Good Interview Questions:
Impress the Hiring Manager!
Knowing good interview questions to ask can be a key differentiator between candidates. Savvy hiring
managers often distinguish between equally skilled candidates
based on the quality of the questions they ask during the interview.
There's nothing more disappointing than having an otherwise solid candidate tell
me that he/she has no questions regarding the company I'm working with or the position
we're trying to fill. Now, I know I'm good -- and I give my candidates a lot of information
about my client and the job -- but, if a candidate can't come up with at least a couple of
good interview questions, I know that they haven't done their homework.
TELL ME ABOUT DEPARTMENT'S ORGANIZATIONAL
STRUCTURE AND REPORTING STRUCTURE.
HOW STRONG IS THE GROUP?
You need to understand where the group you're
potentially joining fits, relative to other departments in
the organization. Does your boss report to the CEO
or Division President? Try to get a sense of the pecking
order and how things fit together. Find out who your
prospective boss' peers are. It's also good to get a sense
of how strong your group is. How are they perceived in
the organization? You'll sometimes be asked to join a
group that's not as strong as it might be. You're destined
to become the star player. Do you like that role?
Or would you prefer to join a high functioning team?
These are considerations for you to decide.
WHAT'S THE BACKGROUND OF THE HIRING
MANAGER? IF A RELATIVELY RECENT ADDITION -- WHY DID YOU DECIDE TO JOIN THE COMPANY?
Find out what your prospective boss has done in his/her
career. Is this someone you can learn from? Is this someone
you can respect? Or, are you going to run circles around
the boss and become a threat?? If the hiring manager is
relatively new to the company, find out why he/she joined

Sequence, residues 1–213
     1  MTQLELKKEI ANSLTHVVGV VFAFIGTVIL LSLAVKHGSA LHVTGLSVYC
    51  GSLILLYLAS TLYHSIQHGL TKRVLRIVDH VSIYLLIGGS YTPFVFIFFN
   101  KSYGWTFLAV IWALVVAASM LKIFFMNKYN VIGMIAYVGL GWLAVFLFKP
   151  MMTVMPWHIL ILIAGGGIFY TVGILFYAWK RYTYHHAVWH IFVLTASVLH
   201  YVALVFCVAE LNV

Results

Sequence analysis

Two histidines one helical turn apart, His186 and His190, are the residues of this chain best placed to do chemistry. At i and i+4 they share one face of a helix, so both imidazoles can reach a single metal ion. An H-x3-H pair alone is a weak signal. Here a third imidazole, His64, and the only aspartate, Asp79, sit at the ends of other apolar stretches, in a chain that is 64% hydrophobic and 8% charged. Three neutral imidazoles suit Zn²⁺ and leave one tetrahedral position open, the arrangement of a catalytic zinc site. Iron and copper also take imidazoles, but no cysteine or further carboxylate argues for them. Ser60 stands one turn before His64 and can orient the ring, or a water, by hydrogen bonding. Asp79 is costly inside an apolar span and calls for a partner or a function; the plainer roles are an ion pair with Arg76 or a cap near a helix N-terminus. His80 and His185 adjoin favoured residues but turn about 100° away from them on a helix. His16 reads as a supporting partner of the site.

the organization. What was it that they saw in the company
and/or opportunity that compelled them to make a move?
WHAT ARE THE PRIORITIES FOR THIS POSITION --
FIRST 6 MONTHS? 1 YEAR? BEYOND?
Similar to the goals question, yet different, this good interview question tries
to get a sense of the true priorities for the role in the short
term. If this list is a reiteration of the goals, you need to clarify
which goals are most critical to success. Make sure that
this dovetails nicely on how you will be measured.
If everything is a priority, what kind of culture does this
suggest? And, do you want to work in this kind of
WHAT IS THE FUTURE POTENTIAL FOR SOMEONE
IN THIS POSITION? WHAT'S THE CAREER PATH --
AND IN WHAT TIME FRAME?
Asking about career potential is fair in an interview situation.
I wouldn't ask this question out of the gate, but certainly on
a second round interview it is totally appropriate. If you're
coming on board as a Director, and you really
want to be a VP, take a look around. Is the hiring manager a
"lifer" at the company? Has he/she been in the VP role for
the past 5-10 years and not moving any time soon? That
should give you a clue that the current VP needs to retire
before you can move up into that spot. You might be able
to move laterally and then up; or into a VP role in another
part of the organization. You need to go in with your eyes
open and understand the real potential for advancement.
WHO ARE SOME OF THE KEY PEOPLE IN THE
ORGANIZATION WHO I'LL BE INTERACTING WITH
ON A DAILY BASIS?
Find out who your peers are going to be. And, it's a good
idea to see if you can meet some of these people along the
way, prior to accepting an offer. Peers sometimes paint a
very different picture from the hiring manager and the
VP HR. The same holds true for direct reports if you're
going into a management role. Is there someone on
staff who applied for your role who's been passed over?
This creates a management issue off the bat. While not
a reason to reject an offer, it's certainly something you
should be aware of.
Remember...good interview questions will show the hiring manager just how
interested you are in the opportunity. Chances are you'll be interviewing with a
number of people over more than one round of interviews. Ask some of these good interview questions and stand apart from your competition. Guaranteed!